The Next Phase of Enterprise Mobility: From Productivity to Customer Engagement

April 12, 2013 Balakrishna Narasimhan

This week, Gartner released three stunning pieces of data that demonstrate that enterprise IT is going through another dramatic shift (via @alexwilliams). First, Gartner reported that PC shipments were down 11% since the same quarter in 2012. We knew we were moving into the post-PC era, but the speed with which the shift is happening is surprising. Second, Gartner reported that in 2012, 39% of all CRM was delivered through SaaS and that Salesforce was the leading CRM vendor overall. Third, they projected that mobile CRM apps are set to explode from about 200 apps today to 1200 apps by 2014.

Put all that together and there are three clear implications:

  • Customer information increasingly lives in the cloud, mostly within Salesforce
  • Most business’ internal and external customers will access customer information on mobile devices
  • People much prefer task-specific mobile apps rather than all-purpose desktop-style apps

Salesforce as the Customer Interaction Hub
Salesforce has made mobility a key part of their CRM application over the past few years. In fact, one could even argue that Salesforce’s enthusiastic embrace of Chatter was in fact driven by the need for a feed-centric and mobile-friendly way of interacting with their applications. The release of the new Chatter mobile apps and Marc Benioff’s recent announcement that Chatter will become the primary interface for Salesforce bear out this line of thinking.

While the Salesforce and Chatter mobile apps address the needs of many sales and customer service users, there’s a much larger opportunity for Salesforce to become the hub for all customer interactions (internal and external). But realizing this vision means making it much easier to create both internal and customer-facing mobile apps that can consume information stored in Salesforce. No coincidence then that this week Salesforce announced a new version of their Mobile SDK and Mobile Packs that support popular JavaScript development frameworks to address this growing need (via @dhenschen).

Academy of Art University: Using Mobility to Reimagine the Student Experience
Institutions are already taking advantage of some of these capabilities to change the way they engage with customers. For instance, Appirio has been working with the Academy of Art University in San Francisco to use the student information they have in Salesforce/Force.com to reimagine the student experience with mobility. The University uses Salesforce to store student information including classes, activities and location. Appirio helped AAU create a mobile app that brings personalized information to each student that helps them do everything they need to do on a daily basis – from finding out what their class schedule is for the day, to where their next class is, and how to get there using AAU’s extensive bus network. The app seamlessly brings together class and schedule information from Salesforce and a real-time GPS system that tracks bus locations.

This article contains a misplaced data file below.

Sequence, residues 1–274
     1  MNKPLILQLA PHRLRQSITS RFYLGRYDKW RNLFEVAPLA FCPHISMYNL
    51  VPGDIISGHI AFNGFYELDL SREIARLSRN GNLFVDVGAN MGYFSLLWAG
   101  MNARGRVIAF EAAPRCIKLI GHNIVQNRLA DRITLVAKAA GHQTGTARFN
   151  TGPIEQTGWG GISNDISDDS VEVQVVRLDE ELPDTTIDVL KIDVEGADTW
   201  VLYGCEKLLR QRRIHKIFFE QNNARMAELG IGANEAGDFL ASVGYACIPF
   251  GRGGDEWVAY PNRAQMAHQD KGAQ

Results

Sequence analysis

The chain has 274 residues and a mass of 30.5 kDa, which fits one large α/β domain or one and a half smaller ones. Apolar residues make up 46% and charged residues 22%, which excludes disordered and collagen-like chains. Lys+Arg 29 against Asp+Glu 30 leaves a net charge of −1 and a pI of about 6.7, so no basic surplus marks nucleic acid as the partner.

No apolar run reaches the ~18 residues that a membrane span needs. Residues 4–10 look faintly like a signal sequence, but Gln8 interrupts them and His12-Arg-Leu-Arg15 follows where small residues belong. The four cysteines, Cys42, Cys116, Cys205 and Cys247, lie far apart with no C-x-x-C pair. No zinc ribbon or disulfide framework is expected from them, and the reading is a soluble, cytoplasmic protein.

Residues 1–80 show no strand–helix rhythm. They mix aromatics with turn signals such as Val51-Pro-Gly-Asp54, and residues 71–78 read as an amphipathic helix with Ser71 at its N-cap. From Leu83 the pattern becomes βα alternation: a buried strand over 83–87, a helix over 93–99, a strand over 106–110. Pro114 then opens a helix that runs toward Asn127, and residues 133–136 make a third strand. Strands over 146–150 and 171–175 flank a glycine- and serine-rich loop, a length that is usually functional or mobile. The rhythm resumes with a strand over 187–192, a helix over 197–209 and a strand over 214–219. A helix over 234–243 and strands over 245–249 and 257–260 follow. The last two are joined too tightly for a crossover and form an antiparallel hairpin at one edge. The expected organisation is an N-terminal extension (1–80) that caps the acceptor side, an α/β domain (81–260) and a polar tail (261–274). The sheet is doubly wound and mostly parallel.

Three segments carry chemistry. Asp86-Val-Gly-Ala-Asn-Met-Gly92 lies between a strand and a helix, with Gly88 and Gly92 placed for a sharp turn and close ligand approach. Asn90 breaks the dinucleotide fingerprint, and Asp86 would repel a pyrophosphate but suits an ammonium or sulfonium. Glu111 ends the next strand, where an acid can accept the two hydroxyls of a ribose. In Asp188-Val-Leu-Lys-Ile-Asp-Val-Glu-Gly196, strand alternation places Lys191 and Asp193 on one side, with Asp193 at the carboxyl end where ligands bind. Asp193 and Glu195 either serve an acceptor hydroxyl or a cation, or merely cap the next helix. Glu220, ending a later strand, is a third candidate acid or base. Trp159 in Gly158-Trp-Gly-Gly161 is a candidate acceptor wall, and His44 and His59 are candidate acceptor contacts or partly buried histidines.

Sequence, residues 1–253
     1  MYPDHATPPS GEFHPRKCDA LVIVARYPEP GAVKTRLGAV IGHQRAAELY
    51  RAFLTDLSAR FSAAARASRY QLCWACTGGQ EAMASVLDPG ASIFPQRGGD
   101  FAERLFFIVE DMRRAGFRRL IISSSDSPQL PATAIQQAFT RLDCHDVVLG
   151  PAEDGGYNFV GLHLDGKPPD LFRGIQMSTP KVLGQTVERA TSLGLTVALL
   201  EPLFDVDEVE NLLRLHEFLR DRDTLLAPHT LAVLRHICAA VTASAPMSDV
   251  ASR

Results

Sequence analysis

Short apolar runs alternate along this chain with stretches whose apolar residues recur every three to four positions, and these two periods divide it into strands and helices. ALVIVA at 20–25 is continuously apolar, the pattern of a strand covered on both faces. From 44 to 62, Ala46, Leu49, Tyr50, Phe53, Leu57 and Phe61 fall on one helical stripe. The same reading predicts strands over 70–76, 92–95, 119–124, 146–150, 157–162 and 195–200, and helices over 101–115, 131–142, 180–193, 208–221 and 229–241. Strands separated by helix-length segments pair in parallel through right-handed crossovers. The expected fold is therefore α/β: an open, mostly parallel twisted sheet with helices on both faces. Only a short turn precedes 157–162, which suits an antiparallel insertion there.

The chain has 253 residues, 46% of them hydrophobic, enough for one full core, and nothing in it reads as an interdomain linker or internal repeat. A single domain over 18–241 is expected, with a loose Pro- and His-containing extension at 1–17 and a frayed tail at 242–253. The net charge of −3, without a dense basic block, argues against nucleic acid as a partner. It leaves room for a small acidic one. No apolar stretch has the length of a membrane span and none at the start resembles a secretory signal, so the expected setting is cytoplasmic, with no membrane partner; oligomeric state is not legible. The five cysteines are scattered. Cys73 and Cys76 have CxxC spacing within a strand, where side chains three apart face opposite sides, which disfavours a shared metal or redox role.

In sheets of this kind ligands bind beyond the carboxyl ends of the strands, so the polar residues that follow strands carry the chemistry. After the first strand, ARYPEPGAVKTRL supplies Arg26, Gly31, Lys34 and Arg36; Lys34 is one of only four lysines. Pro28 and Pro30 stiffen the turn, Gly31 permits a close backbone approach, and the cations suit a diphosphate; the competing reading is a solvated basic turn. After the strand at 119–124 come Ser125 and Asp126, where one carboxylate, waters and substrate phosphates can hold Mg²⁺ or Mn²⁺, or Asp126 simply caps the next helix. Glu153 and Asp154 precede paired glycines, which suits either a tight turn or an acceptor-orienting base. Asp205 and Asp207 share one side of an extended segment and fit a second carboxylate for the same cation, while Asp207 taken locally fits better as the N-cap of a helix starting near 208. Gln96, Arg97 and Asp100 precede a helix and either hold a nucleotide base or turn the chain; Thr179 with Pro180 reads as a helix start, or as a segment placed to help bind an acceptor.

AAU’s Campus Application

Speaking to CITEWorld this week, Academy of Art CIO Erik Viens said that since the app launched in September, it has had 9,100 unique visitors, 120,000 page views, and 92 percent of traffic from returning users. Impressive results considering that this represents the vast majority of the University’s 12,000 San Francisco-based students!

The Next Phase of Mobility: Mobile Customer Engagement
When companies first started with enterprise mobility, mobile apps were scaled-down versions of desktop enterprise applications. Now, mobile SaaS apps are much more specialized and contextual. For example, the Workday mobile app focuses on key elements that are relevant in a mobile context such as approvals, time off and org charts. But most enterprise mobile apps are still siloed within one application area or another. The Academy of Art University application is a new type of app that uses a cloud platform, Salesforce, to aggregate information from multiple sources and then creates a unified and contextually relevant mobile experience for the customer. The tools are now in place for every organization to create a similarly differentiated customer experience. The question is how.

Getting Started
There are 5 steps to creating a differentiated and unified mobile customer experience:

  1. Start by identifying a few customer segments that would benefit the most from mobility.
  2. Do some research (either direct with customers or with your field teams) to clarify and articulate customer pain points that could be addressed with a mobile solution.
  3. Inventory the information/transactions you have in various systems that could be brought together to solve targeted use cases.
  4. Decide how you want to architect your solution (native, hybrid or web), depending on the desired user experience and develop your application. If you don’t have mobile developers or UX experts in-house, consider communities like CloudSpokes and utest.
  5. Stay laser-focused on customer use cases and the user experience throughout the entire process. Keep paring back rather than adding functionality!

Good luck reimagining your customer experience with mobility. Let us know in comments or tweet @appirio if you have any questions!

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